Five days ago in Lima, Peru, I stood at the top of an awards podium with my team-mates and received a gold medal for fencing in the 2019 Pan American Games. The room wasnít crowded, there werenít all that many cameras flashing, and there certainly werenít a million fans tuned in to watch us from back home ó I love my sport, but we fencers know we donít draw the same audience as football, soccer, boxing or track and field.
But at the podium, my palms wet from nerves, when The Star-Spangled Banner began to play, I took a knee ó following in the footsteps of Colin Kaepernick, Megan Rapinoe, Muhammad Ali, John Carlos and Tommie Smith: black, LGBT, female and Muslim athletes who chose to take a stand.
Iím not a household name like those heroes, but as an athlete representing my country and, yes, as a privileged white man, I believed it was time to speak up for American values that my country seems to be losing sight of.
Iíve been honoured to represent my country in international competition, and every time I hear our national anthem played, itís a moment of personal pride. I love my country, full stop. When I look around, though, I see racial injustice, sexism, hate-inspired violence and scapegoating of immigrants. This isnít new, but it feels like itís getting worse, and after the mass killings in El Paso and Dayton, I knew I wanted to use that moment on the podium to send a message that things have to change.
And I believe that, speaking up and demanding this change, this isnít just the responsibility of women and minorities. Itís time that those of us privileged enough not to be personally targeted by this kind of hate, whether weíre athletes or not, start speaking out.
Carlos and Smith were suspended from competition; Ali was stripped of his titles and almost sent to prison; Kaepernick was blacklisted from the NFL; Rapinoe was singled out for criticism by the President. They used their platforms to demand that their country do better, sometimes at great personal sacrifice. So, before I took a knee, I asked myself the same question that a lot of people have tweeted and e-mailed me in the past few days: who is this white guy and why does he think heís earned the right to talk about sacrifice?
Iím a privileged, white male athlete. Iíve worked hard to succeed in my sport and represent the United States on the worldís biggest stages. Iím a world champion like Rapinoe and an Olympic medal-winner like Ali, Carlos and Smith. But Iím not a sports icon. Even as I risk my lifeís work and the thing that brings me true joy ó Pan-Am Games rules prohibit political demonstrations ó I recognise that, to many, my sacrifice doesnít compare to others whoíve spoken out before. And I understand why. Before I knelt, though, I thought about the responsibility I have.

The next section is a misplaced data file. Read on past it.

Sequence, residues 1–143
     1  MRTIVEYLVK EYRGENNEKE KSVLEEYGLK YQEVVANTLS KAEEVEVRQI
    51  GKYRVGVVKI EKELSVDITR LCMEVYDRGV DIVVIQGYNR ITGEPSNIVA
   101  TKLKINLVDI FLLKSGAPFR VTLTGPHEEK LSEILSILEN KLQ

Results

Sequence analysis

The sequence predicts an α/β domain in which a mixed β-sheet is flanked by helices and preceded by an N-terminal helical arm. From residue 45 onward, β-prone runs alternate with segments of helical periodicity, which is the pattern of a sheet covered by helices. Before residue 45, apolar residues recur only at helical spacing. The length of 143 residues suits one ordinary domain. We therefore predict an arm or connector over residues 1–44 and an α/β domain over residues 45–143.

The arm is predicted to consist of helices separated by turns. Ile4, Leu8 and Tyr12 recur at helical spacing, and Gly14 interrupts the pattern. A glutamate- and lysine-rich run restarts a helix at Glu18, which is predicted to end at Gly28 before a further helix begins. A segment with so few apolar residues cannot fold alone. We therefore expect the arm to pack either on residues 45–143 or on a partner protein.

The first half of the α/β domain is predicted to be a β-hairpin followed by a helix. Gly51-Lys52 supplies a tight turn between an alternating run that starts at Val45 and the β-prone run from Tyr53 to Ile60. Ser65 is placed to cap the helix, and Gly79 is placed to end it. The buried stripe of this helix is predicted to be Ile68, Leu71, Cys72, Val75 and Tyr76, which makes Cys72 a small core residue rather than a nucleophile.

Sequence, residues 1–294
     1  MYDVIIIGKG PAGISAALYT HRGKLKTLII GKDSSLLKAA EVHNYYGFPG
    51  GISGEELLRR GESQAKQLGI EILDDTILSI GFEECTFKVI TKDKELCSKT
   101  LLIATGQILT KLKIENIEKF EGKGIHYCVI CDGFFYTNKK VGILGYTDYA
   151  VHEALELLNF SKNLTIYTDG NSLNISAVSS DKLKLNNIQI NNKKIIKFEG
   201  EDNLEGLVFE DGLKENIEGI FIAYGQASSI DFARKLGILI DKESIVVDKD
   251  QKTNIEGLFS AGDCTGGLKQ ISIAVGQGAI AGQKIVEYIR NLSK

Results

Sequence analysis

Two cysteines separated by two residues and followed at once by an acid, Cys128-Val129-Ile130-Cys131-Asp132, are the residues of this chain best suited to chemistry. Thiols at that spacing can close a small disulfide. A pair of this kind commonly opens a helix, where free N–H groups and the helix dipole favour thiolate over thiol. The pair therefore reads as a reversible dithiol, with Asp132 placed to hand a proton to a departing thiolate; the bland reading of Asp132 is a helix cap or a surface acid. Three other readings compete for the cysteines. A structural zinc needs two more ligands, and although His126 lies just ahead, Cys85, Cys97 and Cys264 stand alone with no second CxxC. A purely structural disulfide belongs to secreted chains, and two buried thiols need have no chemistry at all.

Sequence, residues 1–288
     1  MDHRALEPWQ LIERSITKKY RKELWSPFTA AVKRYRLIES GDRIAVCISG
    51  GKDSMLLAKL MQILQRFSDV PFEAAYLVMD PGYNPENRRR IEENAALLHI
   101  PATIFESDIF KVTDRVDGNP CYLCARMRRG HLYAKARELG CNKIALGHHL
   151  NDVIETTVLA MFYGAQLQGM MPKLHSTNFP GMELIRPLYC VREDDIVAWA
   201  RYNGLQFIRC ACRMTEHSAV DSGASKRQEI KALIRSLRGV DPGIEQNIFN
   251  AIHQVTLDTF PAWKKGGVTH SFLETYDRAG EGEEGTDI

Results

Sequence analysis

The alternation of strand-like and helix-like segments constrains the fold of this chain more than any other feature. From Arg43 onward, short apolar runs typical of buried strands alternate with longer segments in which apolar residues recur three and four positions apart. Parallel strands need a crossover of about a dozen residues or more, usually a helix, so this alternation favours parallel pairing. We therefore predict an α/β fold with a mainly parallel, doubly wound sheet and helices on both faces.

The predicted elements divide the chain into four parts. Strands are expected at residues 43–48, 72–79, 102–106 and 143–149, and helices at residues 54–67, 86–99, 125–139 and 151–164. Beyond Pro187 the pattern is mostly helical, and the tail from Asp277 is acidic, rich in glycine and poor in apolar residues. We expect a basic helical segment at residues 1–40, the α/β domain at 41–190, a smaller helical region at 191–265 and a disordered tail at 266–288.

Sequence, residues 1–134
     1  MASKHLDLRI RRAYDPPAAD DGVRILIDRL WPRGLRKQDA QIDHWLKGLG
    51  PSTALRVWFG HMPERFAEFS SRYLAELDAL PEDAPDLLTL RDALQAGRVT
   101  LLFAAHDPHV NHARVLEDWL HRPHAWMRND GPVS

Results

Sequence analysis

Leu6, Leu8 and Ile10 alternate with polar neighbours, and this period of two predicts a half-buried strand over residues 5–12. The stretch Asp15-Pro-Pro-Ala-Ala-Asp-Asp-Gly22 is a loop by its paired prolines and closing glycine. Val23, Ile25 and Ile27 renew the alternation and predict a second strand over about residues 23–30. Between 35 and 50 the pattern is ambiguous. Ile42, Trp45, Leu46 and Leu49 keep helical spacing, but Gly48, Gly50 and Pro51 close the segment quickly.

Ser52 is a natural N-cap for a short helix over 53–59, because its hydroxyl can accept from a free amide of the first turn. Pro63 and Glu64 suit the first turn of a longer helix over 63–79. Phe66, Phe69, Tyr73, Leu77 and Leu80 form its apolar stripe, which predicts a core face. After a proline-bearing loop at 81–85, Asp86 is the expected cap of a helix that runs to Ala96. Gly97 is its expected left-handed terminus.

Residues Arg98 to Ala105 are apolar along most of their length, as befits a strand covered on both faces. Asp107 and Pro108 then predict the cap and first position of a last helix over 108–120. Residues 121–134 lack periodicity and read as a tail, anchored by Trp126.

I hoped to speak to my small group of followers on social media and maybe change a few minds. I hoped that if a few of those who respect me as a competitor thought about the risk I was taking by bending the rules a year before the Olympics, they might reflect on the urgent need to begin healing some of the division in our world.
Iíve received a lot of criticism, and a lot of support, as well. My Twitter timeline and my inbox have been flooded with messages of support and love from people who were thankful that I spoke up. And Iím thankful that my message was heard: ďRacism, gun control, mistreatment of immigrants, and a president who spreads hate are at the top of a long listĒ of problems that need to be addressed. Itís my version of the message sent by Kaepernick. And itís pretty much the same message sent by my Pan Am Games team-mate, Gwen Berry, when she raised her fist after winning the hammer throw competition.
In my case, though, you didnít see a superstar. You didnít see a woman or minority athlete speaking up. Instead, you saw a white man you never heard of before, in a sport you may not know anything about.
For some Americans, this time, maybe you saw yourself. Someone who looks like you, kneeling there on a podium, calling for change. A lot of people have expressed disgust and hatred, confused that someone like me, of all people, would take a knee during the anthem: you must want attention. Youíre an overprivileged snowflake.
Suddenly, some people saw me in the light that they see women, people of colour and LGBT Americans. Suddenly, some people felt entitled to label me and strip me of my individuality.
But I didnít speak up to promote myself. I spoke up, I hope, for the same reasons that athletes whoíve come before me did. I want my country to change. And I want people who look like me to start coming to terms with this reality: even if we canít fully identify with the challenges that minorities sometimes face, or havenít experienced the kind of attacks that theyíve faced, we owe it to our country to use the privilege we have to fight for what is right.
ē Race Imboden, a member of the United States fencing team, is a world champion and an Olympic medal-winner